Week of: July 5, 2010
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Giving a Classic Salad a New Look
By Dana Jacobi
for the American Institute for Cancer Research
Along with coleslaw, potato, and macaroni salads, three bean salad is an American classic. Unfortunately, recipes for this side dish, although full of good fiber and light on fat, are often full of sugar. Most versions are so sweet that I decided to experiment in a different direction, one that is just as good but healthier.
Along with sweet dressings, creamy ones are popular, too. So I pair this trio of beans with a tangy dressing that blends together thick Greek yogurt, mayonnaise, and mustard. Then, for color and fresh, summer flavor, just before serving, I toss in lavish amounts of fresh dill and Italian parsley plus chopped red and green bell peppers that add more color, plus nice crunch.
While I sincerely recommend using home-cooked dried beans because this avoids the load of sodium found in most canned beans, few people seem willing to do this, so when developing recipes, I use canned beans. Buying them raises two issues. First, canned beans vary widely in texture, from nicely firm to downright mushy. Second, from a health standpoint, most commercial and private label brands of canned beans are high in sodium content, providing from around 250 mg to nearly 500 mg per half-cup serving. Fortunately, rinsing canned beans reduces sodium considerably, and supermarkets now offer a growing number of low- and reduced-sodium choices. Still, I suggest trying different brands to find one that is both lowest in sodium and has the best texture. Also check out natural foods brands, which generally contain from zero to around 150 mg sodium and do not contain additives, such as sulfites and sugar, that may be found in other brands.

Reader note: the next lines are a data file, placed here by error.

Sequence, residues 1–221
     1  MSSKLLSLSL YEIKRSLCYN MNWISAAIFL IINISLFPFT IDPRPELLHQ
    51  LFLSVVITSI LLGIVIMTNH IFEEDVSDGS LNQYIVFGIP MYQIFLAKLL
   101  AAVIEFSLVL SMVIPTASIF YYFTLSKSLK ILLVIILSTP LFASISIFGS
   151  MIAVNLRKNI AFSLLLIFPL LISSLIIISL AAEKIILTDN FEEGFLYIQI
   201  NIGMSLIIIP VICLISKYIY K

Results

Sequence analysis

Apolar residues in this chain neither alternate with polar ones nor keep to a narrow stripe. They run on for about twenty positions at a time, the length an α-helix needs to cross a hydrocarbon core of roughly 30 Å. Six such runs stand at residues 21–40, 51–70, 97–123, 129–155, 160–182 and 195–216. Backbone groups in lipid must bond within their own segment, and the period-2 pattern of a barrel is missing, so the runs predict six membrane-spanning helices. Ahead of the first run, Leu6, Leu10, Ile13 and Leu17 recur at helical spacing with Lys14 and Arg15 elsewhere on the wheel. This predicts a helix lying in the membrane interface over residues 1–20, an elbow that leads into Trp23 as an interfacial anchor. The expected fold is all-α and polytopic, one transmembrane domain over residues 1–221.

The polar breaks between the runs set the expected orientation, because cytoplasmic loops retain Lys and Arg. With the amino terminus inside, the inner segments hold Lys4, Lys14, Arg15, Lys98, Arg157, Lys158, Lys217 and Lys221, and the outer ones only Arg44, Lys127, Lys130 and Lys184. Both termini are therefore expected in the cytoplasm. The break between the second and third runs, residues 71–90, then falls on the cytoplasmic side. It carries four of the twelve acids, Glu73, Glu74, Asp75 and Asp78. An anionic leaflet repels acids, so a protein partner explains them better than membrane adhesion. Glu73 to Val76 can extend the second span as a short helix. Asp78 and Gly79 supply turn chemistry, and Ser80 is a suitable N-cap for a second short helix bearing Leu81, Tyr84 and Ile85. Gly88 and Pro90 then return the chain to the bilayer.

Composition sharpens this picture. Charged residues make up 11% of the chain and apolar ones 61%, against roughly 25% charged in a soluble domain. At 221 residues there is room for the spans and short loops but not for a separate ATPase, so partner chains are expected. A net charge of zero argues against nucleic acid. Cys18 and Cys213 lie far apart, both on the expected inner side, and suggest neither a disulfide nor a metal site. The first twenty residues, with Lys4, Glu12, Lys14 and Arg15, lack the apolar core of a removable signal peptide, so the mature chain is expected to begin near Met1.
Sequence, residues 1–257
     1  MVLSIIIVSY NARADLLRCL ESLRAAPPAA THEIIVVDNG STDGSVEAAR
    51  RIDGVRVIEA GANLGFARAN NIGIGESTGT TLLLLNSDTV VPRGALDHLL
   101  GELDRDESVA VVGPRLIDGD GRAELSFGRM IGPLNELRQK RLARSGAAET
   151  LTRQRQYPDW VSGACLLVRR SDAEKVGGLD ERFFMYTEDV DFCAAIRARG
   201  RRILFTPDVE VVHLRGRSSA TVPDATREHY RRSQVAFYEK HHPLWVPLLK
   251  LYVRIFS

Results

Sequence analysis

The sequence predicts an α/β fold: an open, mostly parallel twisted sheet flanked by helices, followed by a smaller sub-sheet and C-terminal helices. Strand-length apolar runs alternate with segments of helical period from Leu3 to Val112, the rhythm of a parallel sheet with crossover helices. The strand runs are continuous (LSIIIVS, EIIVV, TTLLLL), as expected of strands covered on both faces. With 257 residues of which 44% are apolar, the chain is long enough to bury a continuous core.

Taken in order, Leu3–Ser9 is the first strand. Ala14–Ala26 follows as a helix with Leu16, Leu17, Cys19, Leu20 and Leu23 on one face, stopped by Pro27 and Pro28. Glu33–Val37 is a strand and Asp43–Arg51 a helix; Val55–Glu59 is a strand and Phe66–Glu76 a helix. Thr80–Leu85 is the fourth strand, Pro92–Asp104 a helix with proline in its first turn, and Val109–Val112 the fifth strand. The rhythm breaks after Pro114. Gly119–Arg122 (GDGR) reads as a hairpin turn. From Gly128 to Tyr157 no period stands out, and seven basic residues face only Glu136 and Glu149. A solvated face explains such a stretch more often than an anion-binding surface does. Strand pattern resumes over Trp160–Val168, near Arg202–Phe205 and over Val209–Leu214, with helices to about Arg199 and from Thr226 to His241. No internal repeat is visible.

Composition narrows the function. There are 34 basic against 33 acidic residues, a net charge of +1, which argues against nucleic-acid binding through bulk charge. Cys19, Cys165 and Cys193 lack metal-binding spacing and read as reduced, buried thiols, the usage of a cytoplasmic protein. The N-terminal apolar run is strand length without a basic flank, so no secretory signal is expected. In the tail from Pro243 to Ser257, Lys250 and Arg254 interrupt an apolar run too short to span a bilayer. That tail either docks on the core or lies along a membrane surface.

Three Bean Salad with Creamy Mustard Dill Dressing
- 1 cup canned chickpeas, rinsed and drained
- 1 cup canned Great Northern beans, rinsed and drained
- 1 cup canned kidney or red beans, rinsed and drained
- 1/2 cup finely chopped red onion
- 1 small red bell pepper, diced (optional)
- 1 small green bell pepper, diced (optional)
- 2 Tbsp. fat-free or 2 percent Greek yogurt
- 1 Tbsp. low-fat mayonnaise
- 1 Tbsp. coarse seed mustard
- 1 tsp. lemon juice
- 2 dashes hot pepper sauce
- 1/2 tsp. salt
- 1/4 teaspoon ground black pepper
- 2 tsp. extra virgin olive oil
- 1/2 cup chopped fresh dill
- 1/4 cup chopped flat-leaf parsley
In mixing bowl, combine beans with onion and peppers, if using.
For dressing, place in mini food processor the yogurt, mayonnaise, mustard, lemon juice, hot sauce, salt and pepper and whirl to combine. With the motor running, drizzle in oil. Add dressing to beans and mix to combine. If serving immediately, mix in dill and parsley. Or, cover the dressed beans and refrigerate for up to 8 hours, adding herbs just before serving.
Makes 4 servings
Per serving: 230 calories, 5 g total fat (<1 g saturated fat), 36 g carbohydrate,
11 g protein, 11 g dietary fiber, 390 mg sodium
The American Institute for Cancer Research (AICR) is the cancer charity that fosters research on the relationship of nutrition, physical activity and weight management to cancer risk, interprets the scientific literature and educates the public about the results. It has contributed more than $96 million for innovative research conducted at universities, hospitals and research centers across the country. AICR has published two landmark reports that interpret the accumulated research in the field, and is committed to a process of continuous review. AICR also provides a wide range of educational programs to help millions of Americans learn to make dietary changes for lower cancer risk. Its award-winning New American Plate program is presented in brochures, seminars and on its website, www.aicr.org. AICR is a member of the World Cancer Research Fund International.All active news articles